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SENIOR JUDGE HORACE WARD TO RECALL UGA DESEGREGATION BATTLE IN FALL SIBLEY LECTURE

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Thursday, October 19, 2000

WRITER: Kathy R. Pharr, (706) 542-5172, pharr@arches.uga.edu

CONTACT: Assoc. Dean Paul Kurtz, (706) 542-7140

SENIOR JUDGE HORACE WARD TO RECALL UGA DESEGREGATION BATTLE IN FALL SIBLEY LECTURE

ATHENS, Ga. - Horace Ward wanted the University of Georgia, but the University of Georgia didn't want him. Ward, who 50 years ago became the first African American to seek admission to the state-supported institution, will recall the battle to desegregate UGA in the School of Law's 92nd Sibley Lecture to be held Tuesday, October 31 at 4 p.m. in the Chapel. The lecture and reception which follows are open to the public without an admission charge.

Ward, now a senior judge on the United States District Court for the Northern District of Georgia, will share his experience in the lecture, "Desegregation of Public Higher Education in Georgia Revisited: Background, Court Cases, and the Aftermath as Witnessed by a Major Participant."

Ward's eyewitness account occurred both as a plaintiff and lawyer. In September 1950, he applied to the University of Georgia School of Law. The U.S. Supreme Court had recently forced the University of Texas to desegregate, and other border states had begun to admit blacks to their universities. Ward, a LaGrange native who had earned an undergraduate degree from Morehouse College in Atlanta and a master's degree in political science from Atlanta University, had reason to believe he stood a chance of being admitted. However, UGA and the University System of Georgia Board of Regents responded to his application by establishing new law school admissions criteria: a battery of tests and the requirement of personal recommendations from alumni, including one from the judge of the superior court in the applicant's home judicial circuit. The moves effectively blocked Ward's entrance. UGA and the board of regents offered to pay his tuition at an out-of-state law school -- a practice that was prevalent among Southern universities seeking to maintain segregation. Ward refused and spent the next seven years fighting to gain access to his home state's university.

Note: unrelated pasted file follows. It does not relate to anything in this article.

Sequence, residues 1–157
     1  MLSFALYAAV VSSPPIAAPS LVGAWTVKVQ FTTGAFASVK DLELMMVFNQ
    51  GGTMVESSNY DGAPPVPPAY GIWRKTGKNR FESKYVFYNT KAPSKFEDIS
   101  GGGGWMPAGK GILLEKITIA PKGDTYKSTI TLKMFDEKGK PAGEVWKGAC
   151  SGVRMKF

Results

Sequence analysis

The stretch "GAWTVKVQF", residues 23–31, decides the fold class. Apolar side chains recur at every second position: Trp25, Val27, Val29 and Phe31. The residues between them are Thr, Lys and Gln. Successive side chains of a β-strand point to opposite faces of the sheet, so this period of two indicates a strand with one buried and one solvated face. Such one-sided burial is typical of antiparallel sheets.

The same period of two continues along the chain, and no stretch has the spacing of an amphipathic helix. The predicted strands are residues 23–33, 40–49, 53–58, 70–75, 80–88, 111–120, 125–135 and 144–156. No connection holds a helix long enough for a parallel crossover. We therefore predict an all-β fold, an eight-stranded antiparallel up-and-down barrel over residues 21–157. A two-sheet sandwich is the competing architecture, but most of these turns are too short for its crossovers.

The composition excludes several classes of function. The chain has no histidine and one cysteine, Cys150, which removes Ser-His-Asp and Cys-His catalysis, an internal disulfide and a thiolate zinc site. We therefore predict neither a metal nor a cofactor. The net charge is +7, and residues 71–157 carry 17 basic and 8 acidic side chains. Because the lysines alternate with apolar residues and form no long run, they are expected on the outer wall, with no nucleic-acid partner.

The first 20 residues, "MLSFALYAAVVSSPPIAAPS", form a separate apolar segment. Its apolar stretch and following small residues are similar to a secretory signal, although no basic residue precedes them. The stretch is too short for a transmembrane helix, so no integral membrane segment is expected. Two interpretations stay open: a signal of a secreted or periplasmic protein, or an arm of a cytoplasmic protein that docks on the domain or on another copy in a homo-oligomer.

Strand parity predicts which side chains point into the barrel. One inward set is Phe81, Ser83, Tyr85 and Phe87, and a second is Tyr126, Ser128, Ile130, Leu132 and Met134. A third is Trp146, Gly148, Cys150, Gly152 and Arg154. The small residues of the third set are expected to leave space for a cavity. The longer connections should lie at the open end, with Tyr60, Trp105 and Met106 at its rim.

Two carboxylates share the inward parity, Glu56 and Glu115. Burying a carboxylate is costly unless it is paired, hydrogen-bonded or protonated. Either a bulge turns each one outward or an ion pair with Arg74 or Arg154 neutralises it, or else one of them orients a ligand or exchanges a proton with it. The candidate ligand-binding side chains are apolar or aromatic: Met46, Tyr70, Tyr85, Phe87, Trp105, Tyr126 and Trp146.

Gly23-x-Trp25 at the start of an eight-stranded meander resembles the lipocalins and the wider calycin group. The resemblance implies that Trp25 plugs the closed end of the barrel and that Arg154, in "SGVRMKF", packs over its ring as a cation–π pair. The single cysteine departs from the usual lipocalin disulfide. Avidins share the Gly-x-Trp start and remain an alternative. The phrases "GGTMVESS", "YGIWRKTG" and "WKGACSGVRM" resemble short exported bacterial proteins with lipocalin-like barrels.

Ward was represented in his discrimination suit by a team of well-known advocates, including attorneys Donald Hollowell and Constance Baker-Motley, who represented the NAACP Legal Defense and Educational Fund. Thirty days before his case was to be heard, Ward received notice that he had been drafted into the army. After serving two years in the military, he returned to Georgia and renewed his lawsuit. The case finally went to trial in December 1956, but was dismissed shortly thereafter when the judge ruled the issue as moot upon learning that Ward had enrolled as a law student at Northwestern University. Thus, the question of discrimination was never decided by the court.

Ward returned to Georgia upon the completion of his law degree at Northwestern and soon joined his former attorney, Donald Hollowell, in representing Charlayne Hunter and Hamilton Holmes in the lawsuit that led to the integration of UGA in 1961.

"The School of Law is honored to provide a forum for Judge Ward to offer his truly unique perspective of a shameful chapter in the history of this institution," said Paul Kurtz, associate dean of the law school. "It is important for the university community to learn from the mistakes of the past in order to move forward."

Ward was elected to the Georgia State Senate in 1964, where he served four terms as the second African American elected to that body since Reconstruction. Governor Jimmy Carter appointed him to the Civil Court (now State Court) of Fulton County in 1974, becoming the first African- American trial judge in the state. Ward was elevated to the Fulton County Superior Court in 1977 by Governor George Busbee, and in 1979, he became the first African American on the federal bench in Georgia when President Carter appointed him to the U.S. District Court for the Northern District of Georgia. Ward continues to serve on the federal court today, but assumed senior judge status in 1994.

Ward was the subject of a documentary on Georgia Public Television earlier this year, "Foot Soldier for Equal Justice," which chronicled his efforts to desegregate the University of Georgia. The program was prepared by Maurice Daniels, an associate professor in UGA's School of Social Work.

The Sibley Lecture Series, established in 1964 by the Charles Loridans Foundation of Atlanta, is designed to attract outstanding legal scholars of national prominence to the law school. It honors the late John A. Sibley, a 1911 law school graduate who served for many years as chair of the board of the Trust Company of Georgia.

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A photograph of Judge Horace Ward is available electronically via UGA Communications' Photographic Services Web Site at http://photo.alumni.uga.edu/photohome.htm

You will need to search for Ward by name.

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